Algebraic Geometry: Part I: Schemes. With Examples and Exercises (Advanced Lectures in Mathematics) ペーパーバック – 2010/6/25
Kindle 端末は必要ありません。無料 Kindle アプリのいずれかをダウンロードすると、スマートフォン、タブレットPCで Kindle 本をお読みいただけます。
This comprehensive introduction to schemes is complemented by many exercises that serve to check the comprehension of the text, treat further examples and give an outlook on further results. Includes details from commutative algebra in an appendix.
Prof. Dr. Ulrich Görtz, Institut für Experimentelle Mathematik, Universität Duisburg-Essen.Essen.
Prof. Dr. Torsten Wedhorn, Institut für Mathematik, Universität Paderborn.
Prof. Dr. Ulrich Görtz, Institute of Experimental Mathematics, University Duisburg-Essen.
Prof. Dr. Torsten Wedhorn, Department of Mathematics, University of Paderborn.
Some of the topics treated thoroughly in this text which are not treated in as much detail (or at all!) in the other standard texts include relative $\Spec$ and relative $\Proj$, (quasi-)projectivity (in the sense of EGA), base change and direct images, and non-Noetherian schemes. Generality is particularly important for arithmetic geometry, and this means working with schemes which aren't necessarily Noetherian. There is an entire chapter (Chapter 10) devoted to a systematic treatment of approximating non-Noetherian schemes and their morphisms by Noetherian ones, i.e., reduction to the Noetherian case, beginning with morphisms locally of finite presentation. The only reference works that cover more material are EGA and de Jong's Stacks Project. I haven't read much of EGA, but I've read quite a bit of the Stacks Project, and it is wonderful, but it is absolutely massive, and written in such a way that, to get to interesting results, one sometimes needs to read hundreds of pages of preliminary material. This is not a deficiency, in my opinion, because Stacks is meant to be a comprehensive reference on which to build the theory of more general objects. But it's not the most practical place to learn the basics. This book strikes an excellent balance between coverage and readability. I have studied it fairly completely, already knowing a fair amount of algebraic geometry, and feel that I've learned more from it than from Liu or Hartshorne (which is not to fault those books, which, again, have lots of good qualities of their own). The book also contains several very useful appendices. There is one devoted to category theory, one on the necessary results in commutative algebra (not many proofs but precise references), one on permanence for properties of morphisms, and one on relations between properties of morphisms. As with most algebraic geometry textbooks, this one has plenty of exercises at the end of each chapter. However I would say that the ones in this textbook are more valuable than the infamous Hartshorne exercises. Being the first printing of a new textbook, there are a fair number of typos. But there is an errata for the book at the website http://www.algebraic-geometry.de/.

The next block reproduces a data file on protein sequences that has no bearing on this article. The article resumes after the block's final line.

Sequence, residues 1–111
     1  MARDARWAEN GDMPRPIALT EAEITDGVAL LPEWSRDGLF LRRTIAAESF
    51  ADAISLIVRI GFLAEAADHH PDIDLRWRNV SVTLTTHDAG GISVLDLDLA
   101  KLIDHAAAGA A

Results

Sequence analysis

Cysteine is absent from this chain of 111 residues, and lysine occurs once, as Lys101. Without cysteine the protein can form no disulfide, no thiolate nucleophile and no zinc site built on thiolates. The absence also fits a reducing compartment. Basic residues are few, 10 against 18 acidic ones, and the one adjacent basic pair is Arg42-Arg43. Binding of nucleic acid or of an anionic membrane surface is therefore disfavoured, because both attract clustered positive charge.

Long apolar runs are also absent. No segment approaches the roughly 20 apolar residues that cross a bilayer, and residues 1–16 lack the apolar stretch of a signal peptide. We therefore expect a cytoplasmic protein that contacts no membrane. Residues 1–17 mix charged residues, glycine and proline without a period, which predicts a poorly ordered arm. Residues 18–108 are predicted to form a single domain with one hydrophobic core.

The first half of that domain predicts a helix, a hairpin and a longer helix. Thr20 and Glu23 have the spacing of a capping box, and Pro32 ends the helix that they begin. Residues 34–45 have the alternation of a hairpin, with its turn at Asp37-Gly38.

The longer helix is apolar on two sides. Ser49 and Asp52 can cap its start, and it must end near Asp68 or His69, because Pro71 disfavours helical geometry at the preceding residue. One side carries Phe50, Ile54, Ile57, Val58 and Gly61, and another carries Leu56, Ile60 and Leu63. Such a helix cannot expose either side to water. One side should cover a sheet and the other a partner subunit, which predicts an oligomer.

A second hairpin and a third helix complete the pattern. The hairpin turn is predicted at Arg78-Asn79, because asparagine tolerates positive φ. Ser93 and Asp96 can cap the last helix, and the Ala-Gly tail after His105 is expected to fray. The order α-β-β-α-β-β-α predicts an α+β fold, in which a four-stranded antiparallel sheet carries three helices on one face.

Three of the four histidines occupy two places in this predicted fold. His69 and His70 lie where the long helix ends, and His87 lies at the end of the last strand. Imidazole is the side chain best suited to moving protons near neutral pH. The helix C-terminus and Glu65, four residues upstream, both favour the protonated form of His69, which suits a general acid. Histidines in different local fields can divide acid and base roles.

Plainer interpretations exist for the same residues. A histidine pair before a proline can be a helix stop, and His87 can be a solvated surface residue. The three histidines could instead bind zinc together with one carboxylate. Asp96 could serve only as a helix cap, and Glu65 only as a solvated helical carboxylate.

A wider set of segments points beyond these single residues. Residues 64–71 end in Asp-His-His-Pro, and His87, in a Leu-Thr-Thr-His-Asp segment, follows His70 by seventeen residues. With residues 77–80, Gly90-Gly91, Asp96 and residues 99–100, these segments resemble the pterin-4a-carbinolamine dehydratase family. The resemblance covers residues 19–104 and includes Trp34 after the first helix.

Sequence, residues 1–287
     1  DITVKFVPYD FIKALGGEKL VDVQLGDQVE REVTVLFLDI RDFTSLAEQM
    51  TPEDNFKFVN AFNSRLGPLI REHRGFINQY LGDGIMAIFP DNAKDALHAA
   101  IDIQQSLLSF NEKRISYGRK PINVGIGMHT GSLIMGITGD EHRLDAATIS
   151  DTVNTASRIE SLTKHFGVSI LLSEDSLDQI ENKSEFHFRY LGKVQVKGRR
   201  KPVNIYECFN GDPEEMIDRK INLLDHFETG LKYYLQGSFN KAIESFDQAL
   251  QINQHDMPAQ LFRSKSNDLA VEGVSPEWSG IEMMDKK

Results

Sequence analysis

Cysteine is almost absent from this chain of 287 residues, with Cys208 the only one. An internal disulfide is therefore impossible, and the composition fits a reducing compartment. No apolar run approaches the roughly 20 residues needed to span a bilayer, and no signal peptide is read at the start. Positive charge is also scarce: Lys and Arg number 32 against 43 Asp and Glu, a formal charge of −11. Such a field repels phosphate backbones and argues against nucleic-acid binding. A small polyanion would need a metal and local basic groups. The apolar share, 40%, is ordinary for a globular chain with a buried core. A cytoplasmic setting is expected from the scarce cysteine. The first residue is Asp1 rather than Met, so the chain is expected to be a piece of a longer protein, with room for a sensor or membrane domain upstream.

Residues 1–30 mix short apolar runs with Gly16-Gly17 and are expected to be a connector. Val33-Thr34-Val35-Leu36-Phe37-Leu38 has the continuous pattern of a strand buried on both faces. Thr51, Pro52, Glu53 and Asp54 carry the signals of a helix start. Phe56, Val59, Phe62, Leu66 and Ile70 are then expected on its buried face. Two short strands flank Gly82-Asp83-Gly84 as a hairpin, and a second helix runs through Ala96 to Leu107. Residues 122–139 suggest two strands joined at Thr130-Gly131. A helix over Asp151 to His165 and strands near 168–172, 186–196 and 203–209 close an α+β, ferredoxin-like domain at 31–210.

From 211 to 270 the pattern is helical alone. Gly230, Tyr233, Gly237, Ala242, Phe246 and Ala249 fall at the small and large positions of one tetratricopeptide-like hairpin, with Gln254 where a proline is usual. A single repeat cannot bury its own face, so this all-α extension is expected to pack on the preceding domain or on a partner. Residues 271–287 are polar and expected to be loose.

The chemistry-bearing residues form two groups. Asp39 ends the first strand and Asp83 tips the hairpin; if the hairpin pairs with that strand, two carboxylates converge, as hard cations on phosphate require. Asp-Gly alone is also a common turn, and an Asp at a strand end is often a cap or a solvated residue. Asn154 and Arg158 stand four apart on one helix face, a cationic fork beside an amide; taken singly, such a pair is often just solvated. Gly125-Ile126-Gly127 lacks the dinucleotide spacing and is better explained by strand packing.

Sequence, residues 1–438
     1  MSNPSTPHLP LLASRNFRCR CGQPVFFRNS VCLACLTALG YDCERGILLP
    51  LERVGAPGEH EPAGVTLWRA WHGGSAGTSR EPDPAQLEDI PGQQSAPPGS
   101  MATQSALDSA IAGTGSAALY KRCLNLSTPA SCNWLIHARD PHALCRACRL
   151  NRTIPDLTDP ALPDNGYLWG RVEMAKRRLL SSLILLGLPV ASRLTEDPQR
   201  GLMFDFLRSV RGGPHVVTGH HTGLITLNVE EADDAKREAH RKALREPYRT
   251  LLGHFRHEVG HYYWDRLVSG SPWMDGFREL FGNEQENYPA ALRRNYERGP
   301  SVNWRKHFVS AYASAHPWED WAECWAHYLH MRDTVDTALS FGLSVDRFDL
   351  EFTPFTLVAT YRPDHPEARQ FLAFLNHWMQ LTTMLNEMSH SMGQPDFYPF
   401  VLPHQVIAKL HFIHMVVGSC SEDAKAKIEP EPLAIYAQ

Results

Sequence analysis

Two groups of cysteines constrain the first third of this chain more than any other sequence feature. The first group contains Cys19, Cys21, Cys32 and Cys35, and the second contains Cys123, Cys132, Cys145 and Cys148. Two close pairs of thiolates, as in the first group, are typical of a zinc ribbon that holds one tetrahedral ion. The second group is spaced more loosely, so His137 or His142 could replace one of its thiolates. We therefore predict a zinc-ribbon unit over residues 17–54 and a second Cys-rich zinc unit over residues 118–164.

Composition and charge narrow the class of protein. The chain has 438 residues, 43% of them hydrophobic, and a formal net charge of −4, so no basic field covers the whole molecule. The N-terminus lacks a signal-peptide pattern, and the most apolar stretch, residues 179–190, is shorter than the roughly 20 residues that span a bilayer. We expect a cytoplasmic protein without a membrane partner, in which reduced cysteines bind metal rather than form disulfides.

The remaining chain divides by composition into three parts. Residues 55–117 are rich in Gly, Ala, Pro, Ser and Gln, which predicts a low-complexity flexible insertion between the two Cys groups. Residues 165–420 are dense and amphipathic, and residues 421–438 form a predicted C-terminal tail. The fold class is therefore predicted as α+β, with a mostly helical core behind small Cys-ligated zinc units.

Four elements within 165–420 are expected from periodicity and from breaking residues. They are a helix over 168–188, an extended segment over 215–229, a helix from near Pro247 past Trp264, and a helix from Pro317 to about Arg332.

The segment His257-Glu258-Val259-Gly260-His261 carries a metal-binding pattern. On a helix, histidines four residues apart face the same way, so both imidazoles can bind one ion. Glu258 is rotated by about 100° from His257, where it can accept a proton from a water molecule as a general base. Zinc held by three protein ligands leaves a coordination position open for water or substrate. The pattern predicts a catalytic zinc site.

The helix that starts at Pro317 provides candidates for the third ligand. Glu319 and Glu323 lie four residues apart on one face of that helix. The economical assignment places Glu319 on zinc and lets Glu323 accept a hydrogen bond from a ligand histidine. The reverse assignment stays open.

My only complaint with the book, and it is minor, is that it is a very thick paperback. This means that, when reading certain sections (i.e. those not in the middle of the book), it has trouble staying open. Of course this also means the book is cheaper than something comparable in hardcover. But I would really like to have it in hardcover, just because hardcover texts tend to stay open and hold up better with time. But I'll take this one any way I can get it.
In summary, I highly recommend this to graduate students interested in learning and using modern algebraic geometry in their work, as well as to working mathematicians seeking a fairly comprehensive (without being gargantuan) reference for scheme theory. For graduate students, this book paves the way to more advanced reference\research works, such as Katz-Mazur Arithmetic Moduli of Elliptic Curves. (AM-108) (Annals of Mathematics Studies), Neron Models Neron Models (Ergebnisse der Mathematik und ihrer Grenzgebiete. 3. Folge / A Series of Modern Surveys in Mathematics), and Cornell-Stevens Arithmetic Geometry. Lastly, I'll just say that this is the first book of which I've purchased two copies: one for home and one for the office. I just like it that much.
This new textbook (by Goertz and Wedhorn) seems the find the good balance: the text is crystal clear and very well organized, and the authors give a lot of motivation and examples. In particular there is a very nice chapter with interesting examples at the end of the book (cubic surfaces, abelian varieties, determinantal varieties, weighted projective spaces, ...). The material is presented in great generality (the authors are arithmetic geometers after all!) - fields are almost never supposed to be algebraically closed, hypotheses on morphisms are always minimal ("locally of finite presentation", "quasi-compact quasi-separated", ...). All this feels very natural - to my own surprise. There are more details than in the books by Hartshorne in Liu, and yet the text makes you think a lot. Each chapter has a nice exercise set. The appendices are fantastic.
You might think that the book - with its 600 pages - is too long; after all this is just the first of two volumes (and the second volume hasn't appeared yet). Curiously enough doesn't bother me, because the text is such a pleasure to read. The length of the book can be seen as a disadvantage, but I prefer looking at it as an advantage. I can't wait for the second volume!